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Murray purrs into last eight

You do not often see a top-20 tennis player smiling and laughing after a defeat. If these men didn't have a rabid competitive streak, if they didn't smash a few plates after losing a game of Monopoly, they wouldn't be here.

But Milos Raonic, the young Canadian prospect, could not help but chuckle after his fourth-round defeat to Andy Murray at the US Open.

His was the wry grin of a man who has gone out on court, delivered his game plan to the finest detail, and still seen his opponent rip it up and throw the pieces back in his face.

"He just took me out of the match," Raonic said, after his 6-4 6-4 6-2 defeat. "I haven't really felt in that situation too much when I feel like I'm doing things well.

"The whole time I was trying to get myself going, trying just to do anything to disrupt him as much as possible. I couldn't. He was just too good."

So Murray moves on to his quarter-final date with 12th seed Marin Cilic.

For the first time since he won the Olympic gold medal a month ago, his whole game is purring like a classic car.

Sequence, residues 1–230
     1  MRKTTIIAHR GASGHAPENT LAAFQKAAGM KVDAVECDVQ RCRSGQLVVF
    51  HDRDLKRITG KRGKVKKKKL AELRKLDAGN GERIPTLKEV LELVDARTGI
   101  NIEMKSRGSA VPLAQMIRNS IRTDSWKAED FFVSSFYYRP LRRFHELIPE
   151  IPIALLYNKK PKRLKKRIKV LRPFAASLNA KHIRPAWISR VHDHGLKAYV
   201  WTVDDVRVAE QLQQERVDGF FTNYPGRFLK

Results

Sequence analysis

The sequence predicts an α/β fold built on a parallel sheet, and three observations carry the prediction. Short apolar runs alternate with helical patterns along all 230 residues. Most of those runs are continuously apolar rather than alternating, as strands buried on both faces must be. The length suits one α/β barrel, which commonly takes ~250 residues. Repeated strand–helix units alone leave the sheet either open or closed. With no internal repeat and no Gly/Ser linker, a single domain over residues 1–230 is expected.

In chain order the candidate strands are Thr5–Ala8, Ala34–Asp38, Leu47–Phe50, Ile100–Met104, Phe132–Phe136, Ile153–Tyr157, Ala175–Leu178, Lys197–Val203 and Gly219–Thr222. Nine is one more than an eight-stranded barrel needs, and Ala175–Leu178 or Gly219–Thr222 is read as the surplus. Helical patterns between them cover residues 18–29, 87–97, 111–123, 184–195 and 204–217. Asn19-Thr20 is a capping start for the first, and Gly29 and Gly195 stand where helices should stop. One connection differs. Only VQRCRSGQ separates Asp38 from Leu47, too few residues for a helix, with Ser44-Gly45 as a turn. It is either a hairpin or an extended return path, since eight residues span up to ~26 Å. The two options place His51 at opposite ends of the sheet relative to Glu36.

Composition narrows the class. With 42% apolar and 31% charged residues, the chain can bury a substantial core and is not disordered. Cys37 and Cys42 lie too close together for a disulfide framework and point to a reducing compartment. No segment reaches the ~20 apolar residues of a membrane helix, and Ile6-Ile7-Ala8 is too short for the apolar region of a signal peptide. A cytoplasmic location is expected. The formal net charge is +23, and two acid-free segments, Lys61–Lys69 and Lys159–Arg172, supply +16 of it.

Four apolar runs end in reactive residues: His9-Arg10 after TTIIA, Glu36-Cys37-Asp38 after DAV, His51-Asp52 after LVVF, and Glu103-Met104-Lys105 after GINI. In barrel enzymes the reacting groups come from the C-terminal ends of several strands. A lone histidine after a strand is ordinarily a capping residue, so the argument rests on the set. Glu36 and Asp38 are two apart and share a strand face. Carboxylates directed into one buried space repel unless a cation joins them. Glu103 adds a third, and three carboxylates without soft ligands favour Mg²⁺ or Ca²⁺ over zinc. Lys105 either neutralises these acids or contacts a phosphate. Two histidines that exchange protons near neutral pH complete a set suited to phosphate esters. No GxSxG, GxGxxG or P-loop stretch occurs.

Every player left in the men's draw would have noticed the way he schooled Raonic, the 21 year-old picked by every pundit as the next big thing in tennis. And few of them will be too eager to go through the same process themselves.

Cilic can at least point to a 2009 victory over Murray here at Flushing Meadows, in a match that the Scot referred to at the time as "the biggest disappointment of my tennis career".

Indeed, Cilic was rather the Raonic of his day. Then just 20 years old, he seemed to be climbing inexorably towards the top 10, and promised to outdo his own mentor and fellow Croatian Goran Ivanisevic.

But Cilic's career has flatlined since then, and this is his first Grand Slam quarter-final since January 2010.

Meanwhile, in the women's singles, Belarusian Victoria Azarenka survived a ferocious comeback from defending champion Sam Stosur to reach the semi-finals.

The pair, two of the biggest women hitters in the game, traded blows for nearly two and a half hours in a match of unrelenting tension before Azarenka triumphed 6-1 4-6 7-6.

Azarenka, who won her first Grand Slam title at this year's Australian Open, had won her previous six matches against Stosur in straight sets and seemed headed to another easy win when she won the first four games and took the rain-interrupted opening set in just 30 minutes.

But Stosur, who upset Serena Williams in last year's final, found her rhythm after the 75-minute interruption, landing more of her booming first serves and hitting groundstrokes deeper and with greater conviction to win the second set.

The Australian then recovered from a break down in the third to draw level and force a deciding tiebreak, but her comeback proved in vain as Azarenka prevailed 7-5 after blowing a 4-0 lead. (© Daily Telegraph, London)

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